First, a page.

News that an applicant for the job of city manager in Richmond Hill faces charges stemming from a 2011 traffic stop was something of a surprise to us. We suspect it came as a surprise to the folks at City Hall, as well.
What came as a pleasant surprise to us was the fact we got the names of the six candidates to pass along to readers; a positive step in keeping government open.
At times, getting information from the city could be an exercise in exasperation and reporters were sometimes berated simply for trying to do their job. It was not much fun. It’s good to know the new administration is interested in keeping the public informed about their city government.
In that regard, so far the new administration in Richmond Hill has been open and accessible.
Technically, according to state open records law, city officials could have withheld the names of the candidates for city manager until they had whittled the list down to the last three to make the cut.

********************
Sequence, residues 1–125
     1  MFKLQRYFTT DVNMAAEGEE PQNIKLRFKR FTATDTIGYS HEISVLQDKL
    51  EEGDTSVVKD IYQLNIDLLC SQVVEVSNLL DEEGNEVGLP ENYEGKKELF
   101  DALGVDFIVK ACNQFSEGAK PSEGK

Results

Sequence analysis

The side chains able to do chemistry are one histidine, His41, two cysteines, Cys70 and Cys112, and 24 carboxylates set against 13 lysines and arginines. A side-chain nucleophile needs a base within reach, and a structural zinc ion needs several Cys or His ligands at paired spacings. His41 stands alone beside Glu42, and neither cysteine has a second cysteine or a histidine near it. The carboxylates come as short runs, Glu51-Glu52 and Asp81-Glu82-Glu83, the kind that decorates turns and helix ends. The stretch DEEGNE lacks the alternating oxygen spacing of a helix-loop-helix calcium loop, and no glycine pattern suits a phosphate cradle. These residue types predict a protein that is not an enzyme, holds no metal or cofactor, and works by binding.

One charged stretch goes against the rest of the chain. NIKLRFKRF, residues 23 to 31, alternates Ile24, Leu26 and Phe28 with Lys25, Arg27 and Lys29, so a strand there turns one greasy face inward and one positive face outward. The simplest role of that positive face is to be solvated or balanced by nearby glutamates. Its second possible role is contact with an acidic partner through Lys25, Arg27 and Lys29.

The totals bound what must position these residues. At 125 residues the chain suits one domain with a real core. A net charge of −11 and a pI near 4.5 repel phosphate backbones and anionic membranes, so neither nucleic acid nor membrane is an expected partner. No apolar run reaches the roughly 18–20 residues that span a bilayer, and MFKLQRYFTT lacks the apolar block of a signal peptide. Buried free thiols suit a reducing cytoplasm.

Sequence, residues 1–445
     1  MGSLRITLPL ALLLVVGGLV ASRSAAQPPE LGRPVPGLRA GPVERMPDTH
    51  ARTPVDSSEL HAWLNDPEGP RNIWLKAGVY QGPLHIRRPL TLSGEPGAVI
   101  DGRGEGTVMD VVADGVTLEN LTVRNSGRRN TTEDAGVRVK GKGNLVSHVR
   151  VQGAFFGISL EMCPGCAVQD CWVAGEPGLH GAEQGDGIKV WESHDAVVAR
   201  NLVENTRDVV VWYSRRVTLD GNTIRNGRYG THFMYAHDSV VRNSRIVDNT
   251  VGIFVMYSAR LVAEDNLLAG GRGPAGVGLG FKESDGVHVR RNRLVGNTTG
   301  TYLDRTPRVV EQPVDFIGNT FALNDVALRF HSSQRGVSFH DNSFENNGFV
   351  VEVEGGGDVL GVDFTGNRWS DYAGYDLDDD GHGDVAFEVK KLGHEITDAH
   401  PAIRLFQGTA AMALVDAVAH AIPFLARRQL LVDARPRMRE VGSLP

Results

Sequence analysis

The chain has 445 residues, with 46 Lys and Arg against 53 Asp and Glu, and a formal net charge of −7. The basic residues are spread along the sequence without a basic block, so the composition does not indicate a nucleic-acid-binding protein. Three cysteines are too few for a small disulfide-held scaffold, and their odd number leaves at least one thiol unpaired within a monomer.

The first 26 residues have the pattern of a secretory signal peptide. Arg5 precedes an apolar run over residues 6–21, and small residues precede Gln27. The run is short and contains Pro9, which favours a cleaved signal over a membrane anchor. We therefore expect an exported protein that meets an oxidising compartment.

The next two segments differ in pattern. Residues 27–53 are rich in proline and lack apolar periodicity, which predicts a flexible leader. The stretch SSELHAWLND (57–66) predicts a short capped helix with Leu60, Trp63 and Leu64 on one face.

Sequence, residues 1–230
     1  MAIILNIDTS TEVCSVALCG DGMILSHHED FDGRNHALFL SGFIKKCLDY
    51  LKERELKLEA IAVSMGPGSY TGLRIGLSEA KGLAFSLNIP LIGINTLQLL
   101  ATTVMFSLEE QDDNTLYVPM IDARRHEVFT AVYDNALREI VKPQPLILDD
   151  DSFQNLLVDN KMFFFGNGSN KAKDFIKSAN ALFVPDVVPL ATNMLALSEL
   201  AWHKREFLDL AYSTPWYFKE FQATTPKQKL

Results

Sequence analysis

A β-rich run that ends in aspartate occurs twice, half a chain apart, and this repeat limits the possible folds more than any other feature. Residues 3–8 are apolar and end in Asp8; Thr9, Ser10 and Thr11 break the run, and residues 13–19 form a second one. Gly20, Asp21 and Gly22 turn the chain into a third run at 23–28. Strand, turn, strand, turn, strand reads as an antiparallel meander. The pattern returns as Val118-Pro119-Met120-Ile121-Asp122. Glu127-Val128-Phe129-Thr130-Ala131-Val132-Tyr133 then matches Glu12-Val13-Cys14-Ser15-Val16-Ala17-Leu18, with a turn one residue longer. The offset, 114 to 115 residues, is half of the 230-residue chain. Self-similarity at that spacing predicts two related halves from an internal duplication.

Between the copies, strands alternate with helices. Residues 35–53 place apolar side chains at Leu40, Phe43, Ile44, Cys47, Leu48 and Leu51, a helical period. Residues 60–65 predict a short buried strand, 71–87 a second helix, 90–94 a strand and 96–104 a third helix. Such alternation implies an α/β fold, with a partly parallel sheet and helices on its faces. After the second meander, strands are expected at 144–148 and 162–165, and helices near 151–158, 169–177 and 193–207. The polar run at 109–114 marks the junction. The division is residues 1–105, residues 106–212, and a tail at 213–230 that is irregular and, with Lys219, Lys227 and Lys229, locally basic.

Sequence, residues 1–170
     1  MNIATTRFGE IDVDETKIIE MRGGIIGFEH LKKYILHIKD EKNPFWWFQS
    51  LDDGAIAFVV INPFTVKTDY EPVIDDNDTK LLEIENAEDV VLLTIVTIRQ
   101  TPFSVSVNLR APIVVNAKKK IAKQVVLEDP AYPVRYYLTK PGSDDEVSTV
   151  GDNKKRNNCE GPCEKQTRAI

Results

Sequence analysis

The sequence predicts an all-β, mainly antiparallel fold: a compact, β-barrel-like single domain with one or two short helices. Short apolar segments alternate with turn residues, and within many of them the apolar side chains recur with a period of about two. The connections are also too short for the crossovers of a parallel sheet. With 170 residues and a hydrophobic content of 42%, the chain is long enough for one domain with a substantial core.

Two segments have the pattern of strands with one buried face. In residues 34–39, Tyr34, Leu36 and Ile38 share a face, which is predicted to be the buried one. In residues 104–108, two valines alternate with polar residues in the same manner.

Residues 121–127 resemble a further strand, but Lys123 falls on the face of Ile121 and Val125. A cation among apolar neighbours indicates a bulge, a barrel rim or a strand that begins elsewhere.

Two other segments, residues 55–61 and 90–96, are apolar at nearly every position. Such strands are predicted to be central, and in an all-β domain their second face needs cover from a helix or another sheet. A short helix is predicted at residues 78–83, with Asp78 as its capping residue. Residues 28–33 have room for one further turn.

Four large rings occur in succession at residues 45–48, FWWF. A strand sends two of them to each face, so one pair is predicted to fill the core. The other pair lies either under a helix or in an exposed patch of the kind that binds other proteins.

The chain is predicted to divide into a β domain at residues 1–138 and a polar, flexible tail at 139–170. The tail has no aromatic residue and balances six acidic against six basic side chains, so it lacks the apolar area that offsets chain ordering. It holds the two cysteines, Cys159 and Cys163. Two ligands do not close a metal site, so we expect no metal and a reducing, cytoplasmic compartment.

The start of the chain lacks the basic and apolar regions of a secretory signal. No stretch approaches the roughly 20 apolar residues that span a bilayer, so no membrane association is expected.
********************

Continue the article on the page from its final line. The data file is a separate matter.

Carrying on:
Instead, the city provided names of the six candidates who had survived the initial group of 29 applicants. Not to overstate the matter, but we believe it was a case of government striking a blow for open government. For that, Richmond Hill officials deserve a pat on the back.
Whenever governments are open, it does make our job easier. When local governments opt for transparency, they show a respect for the constituency they are supposed to serve. You remember, those folks whose taxes pay the bill. That’s always the bottom line for a government, or it should be.
Having the government responsive to requests for information is also part of the deal, or it should be. That’s why we saw Richmond Hill’s release of candidates for city manager when they didn’t have to as a positive sign and a welcome development from a young administration that seems to be putting the public first.
It’s an action we respect.